SADF’s full role never appreciated by its activist ECC detractors
I COMPLETED military national service from 1977 to 1979, spending 16 months of it “on the border”, and afterwards studied history at the University of Cape Town. I did not love the SADF and responded with great reluctance when called for a “township camp” during 1986-87. Around UCT, the End Conscription Campaign (ECC) had a high profile, but I did not support it, although I disagreed strongly with crude harassment of the ECC by the state.
I have a memory of sitting next to a young “fashionably lefty” girl in a UCT lecture hall, watching an overseas news video showing a black, supposed “informer”, being necklaced. Members of the mob kicked at her flaming body – a barbaric scene that would have fitted details of the worst human rights abuses in human history. My neighbour said such actions did not morally concern her; that she “supported” the “execution” of collaborators.
“Necklace” murders exemplified the grimmest and darkest features of human behaviour, but many ECC old girls and boys would probably prefer not to recall their sometimes-tepid reactions to such atrocities.
The ECC was particularly weak in assuming that, among perpetrators of violence at that time, only the state’s forces carried any moral blameworthiness. ECC members never really understood the cynicism where mobs loosely associated to the ANC, perpetrated township and rural violence against opponents in a pattern that also served an expedient agenda related to political power seizure.
Where the ECC was undoubtedly strong was in its inclusion of a few men who cited their Christian, pacifist, political and other reasons to justify defying their call-up instructions. Such moral strength, as displayed by Ivan Toms and others, meant they did not just attend meetings and parties, but actually went to prison. Nobody can dispute that took courage.
But the ECC was an organisation top-heavy with female members – who were not facing military call-up – who displayed scant balanced insight into the complexity of military culture and its undeniable attraction to a certain kind of male. Feminist and pacifist critiques dominated, yet, in contradiction, many idealised the ANC MK “soldiers” and township “foot soldiers” as noble “Che Guevara guerillas” and sans culottes.
While the ANC and its UDF front supported a loose strategy to intimidate their black opponents, from Crossroads to the Natal valleys, ECC members explained the violence with an easy and ignorant detachment, largely innocent, concerning the ghoulish horrors coldly euphemised as “the struggle”.
The more politically hard-eyed ECC members despised the troopies in Angola, not because the “apartheid frontline” actually lay between Unita and Fapla, but because the SADF was in combat against ANC allies. But the student bars of Rondebosch were a long way from Lombe River or Quattro camp.
During the 1980s, there was no easy path towards containing township violence, with the police thinly stretched and comprising numerous individuals unsuitable for any form of law enforcement, let alone riot control. The presence of the ar my in the townships demonstrated that significant state force was still available.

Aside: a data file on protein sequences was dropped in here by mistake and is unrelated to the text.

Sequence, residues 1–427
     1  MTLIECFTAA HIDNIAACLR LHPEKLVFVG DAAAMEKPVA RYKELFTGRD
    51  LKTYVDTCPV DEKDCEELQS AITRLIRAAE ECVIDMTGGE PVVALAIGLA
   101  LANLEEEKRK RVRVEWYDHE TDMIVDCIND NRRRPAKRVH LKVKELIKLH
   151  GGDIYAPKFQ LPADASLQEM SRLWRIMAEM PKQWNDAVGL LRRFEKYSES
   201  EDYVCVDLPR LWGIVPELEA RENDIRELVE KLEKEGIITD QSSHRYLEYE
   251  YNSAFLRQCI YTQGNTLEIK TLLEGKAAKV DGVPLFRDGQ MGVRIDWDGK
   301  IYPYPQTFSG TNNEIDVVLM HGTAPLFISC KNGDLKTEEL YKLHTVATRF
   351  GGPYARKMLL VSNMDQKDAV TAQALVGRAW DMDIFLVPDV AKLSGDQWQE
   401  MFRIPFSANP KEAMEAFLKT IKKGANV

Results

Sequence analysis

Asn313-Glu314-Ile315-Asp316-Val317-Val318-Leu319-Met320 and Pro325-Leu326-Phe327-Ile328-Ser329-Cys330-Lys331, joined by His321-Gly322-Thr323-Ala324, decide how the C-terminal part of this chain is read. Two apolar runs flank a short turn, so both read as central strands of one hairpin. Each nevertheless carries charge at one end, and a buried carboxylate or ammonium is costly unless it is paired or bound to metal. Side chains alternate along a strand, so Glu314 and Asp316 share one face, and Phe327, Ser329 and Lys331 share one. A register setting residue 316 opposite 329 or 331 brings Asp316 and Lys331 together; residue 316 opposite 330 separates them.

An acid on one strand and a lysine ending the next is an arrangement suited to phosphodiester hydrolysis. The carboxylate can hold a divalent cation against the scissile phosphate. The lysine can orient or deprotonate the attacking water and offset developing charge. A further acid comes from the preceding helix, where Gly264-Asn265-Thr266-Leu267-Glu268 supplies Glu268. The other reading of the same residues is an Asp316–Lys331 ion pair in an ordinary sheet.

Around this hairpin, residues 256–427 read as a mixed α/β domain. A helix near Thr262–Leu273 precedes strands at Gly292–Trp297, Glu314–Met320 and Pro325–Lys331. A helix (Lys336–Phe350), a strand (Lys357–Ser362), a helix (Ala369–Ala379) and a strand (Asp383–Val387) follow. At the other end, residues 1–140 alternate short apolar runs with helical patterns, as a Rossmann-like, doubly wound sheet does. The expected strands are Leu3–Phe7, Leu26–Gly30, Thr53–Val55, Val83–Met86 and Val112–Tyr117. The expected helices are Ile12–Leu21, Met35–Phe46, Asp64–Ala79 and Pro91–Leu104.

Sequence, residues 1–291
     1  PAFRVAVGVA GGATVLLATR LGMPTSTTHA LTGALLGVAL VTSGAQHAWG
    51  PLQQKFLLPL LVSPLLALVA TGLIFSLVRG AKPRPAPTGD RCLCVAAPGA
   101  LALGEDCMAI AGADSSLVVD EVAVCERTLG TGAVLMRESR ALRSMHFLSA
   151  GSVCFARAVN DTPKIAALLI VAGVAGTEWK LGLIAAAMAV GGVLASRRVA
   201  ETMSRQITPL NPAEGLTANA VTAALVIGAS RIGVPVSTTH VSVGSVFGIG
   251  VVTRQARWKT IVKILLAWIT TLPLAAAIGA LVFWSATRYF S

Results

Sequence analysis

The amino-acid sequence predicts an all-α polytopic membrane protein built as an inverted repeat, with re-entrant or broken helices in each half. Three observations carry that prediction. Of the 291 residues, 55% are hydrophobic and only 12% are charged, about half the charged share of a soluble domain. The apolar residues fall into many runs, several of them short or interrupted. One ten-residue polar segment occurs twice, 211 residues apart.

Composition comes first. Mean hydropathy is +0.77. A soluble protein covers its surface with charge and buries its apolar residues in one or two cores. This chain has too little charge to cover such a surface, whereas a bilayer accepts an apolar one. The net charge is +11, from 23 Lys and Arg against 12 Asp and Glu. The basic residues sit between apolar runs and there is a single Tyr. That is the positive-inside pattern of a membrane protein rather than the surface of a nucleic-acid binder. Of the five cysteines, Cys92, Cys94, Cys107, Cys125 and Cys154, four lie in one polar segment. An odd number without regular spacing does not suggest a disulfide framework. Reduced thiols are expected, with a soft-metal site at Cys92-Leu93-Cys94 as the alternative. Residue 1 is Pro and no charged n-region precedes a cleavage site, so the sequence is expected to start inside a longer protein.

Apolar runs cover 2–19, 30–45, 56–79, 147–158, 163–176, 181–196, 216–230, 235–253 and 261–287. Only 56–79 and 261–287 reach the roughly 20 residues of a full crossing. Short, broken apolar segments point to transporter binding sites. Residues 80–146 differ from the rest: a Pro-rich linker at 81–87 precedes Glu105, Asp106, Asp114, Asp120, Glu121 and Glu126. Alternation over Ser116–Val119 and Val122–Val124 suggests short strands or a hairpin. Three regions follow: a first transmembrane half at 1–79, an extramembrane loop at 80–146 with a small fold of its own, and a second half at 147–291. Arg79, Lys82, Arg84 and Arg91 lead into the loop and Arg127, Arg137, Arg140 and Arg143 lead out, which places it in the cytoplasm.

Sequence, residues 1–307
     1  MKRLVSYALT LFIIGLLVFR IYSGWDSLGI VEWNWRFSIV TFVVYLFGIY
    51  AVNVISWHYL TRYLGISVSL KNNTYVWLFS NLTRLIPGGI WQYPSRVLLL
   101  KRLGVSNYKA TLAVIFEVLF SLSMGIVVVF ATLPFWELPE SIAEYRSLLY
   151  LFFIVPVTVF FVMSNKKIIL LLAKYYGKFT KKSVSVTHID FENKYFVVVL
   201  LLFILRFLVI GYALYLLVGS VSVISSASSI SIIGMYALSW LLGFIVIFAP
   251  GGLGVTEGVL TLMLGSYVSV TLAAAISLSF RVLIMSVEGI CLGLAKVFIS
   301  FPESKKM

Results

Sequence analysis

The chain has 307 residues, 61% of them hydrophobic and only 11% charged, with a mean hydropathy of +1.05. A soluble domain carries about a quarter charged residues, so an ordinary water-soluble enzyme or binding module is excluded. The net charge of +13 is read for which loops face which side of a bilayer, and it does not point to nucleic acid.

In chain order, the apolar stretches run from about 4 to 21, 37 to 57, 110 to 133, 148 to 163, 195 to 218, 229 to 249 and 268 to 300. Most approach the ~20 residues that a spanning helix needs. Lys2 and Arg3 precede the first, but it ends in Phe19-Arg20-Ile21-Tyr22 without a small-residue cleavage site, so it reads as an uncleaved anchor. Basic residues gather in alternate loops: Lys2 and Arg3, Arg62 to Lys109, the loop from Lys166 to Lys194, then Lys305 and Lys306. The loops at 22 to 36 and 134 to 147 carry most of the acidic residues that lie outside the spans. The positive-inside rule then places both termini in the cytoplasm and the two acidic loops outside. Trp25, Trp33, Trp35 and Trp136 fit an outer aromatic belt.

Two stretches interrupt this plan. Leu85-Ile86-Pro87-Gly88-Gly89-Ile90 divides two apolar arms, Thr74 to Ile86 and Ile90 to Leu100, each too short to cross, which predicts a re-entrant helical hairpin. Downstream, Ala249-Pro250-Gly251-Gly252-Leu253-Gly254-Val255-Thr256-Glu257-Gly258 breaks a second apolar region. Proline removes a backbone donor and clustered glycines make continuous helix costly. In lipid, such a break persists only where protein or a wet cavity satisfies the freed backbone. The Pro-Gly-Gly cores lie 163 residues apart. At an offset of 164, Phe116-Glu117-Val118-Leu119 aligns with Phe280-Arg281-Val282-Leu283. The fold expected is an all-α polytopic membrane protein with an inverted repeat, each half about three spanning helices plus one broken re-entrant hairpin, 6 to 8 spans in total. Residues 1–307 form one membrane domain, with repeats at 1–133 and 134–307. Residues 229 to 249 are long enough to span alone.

It is not really accurate, as Laurie Nathan claims, that the SADF was the “last line of apartheid defence”. If the country had indeed become “ungovernable” as was called for by the ANC’s national executive committee in April 1985, what entity existed which could have restored some semblance of order?
For all its deviousness and dishonesty, the NP government was grasping for some way out, which inevitably had to shift towards a national convention-type situation.
We now know the ANC attended the initial secret negotiations because it was also conscious of this potential incendiary national fragmentation, over which any new government would – with great difficulty – assert state authority.
But conscription also meant the SADF’s white manpower mostly comprised part-time soldiers – a mixed bunch like the communities they originated from. But – unlike the police – it did not have a collective history of harsh riot control. Its total reliance upon citizen-soldiers also precluded the SADF from historically directing national politics. ECC members would have experienced a really brutal state had they practised their activism as Chilean, Brazilian or Argentinean citizens did, when during the 1970s the armed forces assumed direct and draconian political roles.
With no disrespect to Toms and others, I must point out that no ECC members were shot dead or hurled out of planes over the sea. At worst, the SADF can be vaguely compared to the Polish military during the early 1980s, where the armed forces acted internally to stave off possible Soviet invasion. And who knows what implications existed for Africa had South Africa imploded?
Once the April 1994 elections were held, the citizen-soldiers, in their vital finale, comprised the SADF’s national presence and deterred most men of violence from wrecking the future. General “George” Meiring personally cautioned AWB leaders not to interfere, bluntly responding to their taunts of turning Afrikaners on Afrikaners, warning that English-speaking citizen force regiments would be mustered against the right-wingers. The SADF likewise served as a watchdog facing the MK, Apla and Inkatha wild men.
The youth and idealism of the ECC members invoked and ensured tremendous moral courage in individuals like Toms, but the organisation encouraged reluctance amongst its supporters to be more discerning regarding township violence and the SADF’s policing role.
ECC members lapsed into the old failing of the self-righteous political zealot, where culpabilities for social injustice are viewed in stark goodor-evil terms. Unfortunately, as ECC veterans might ruefully acknowledge, the “revolutionary heroes” of those student days are now dreadfully tarnished.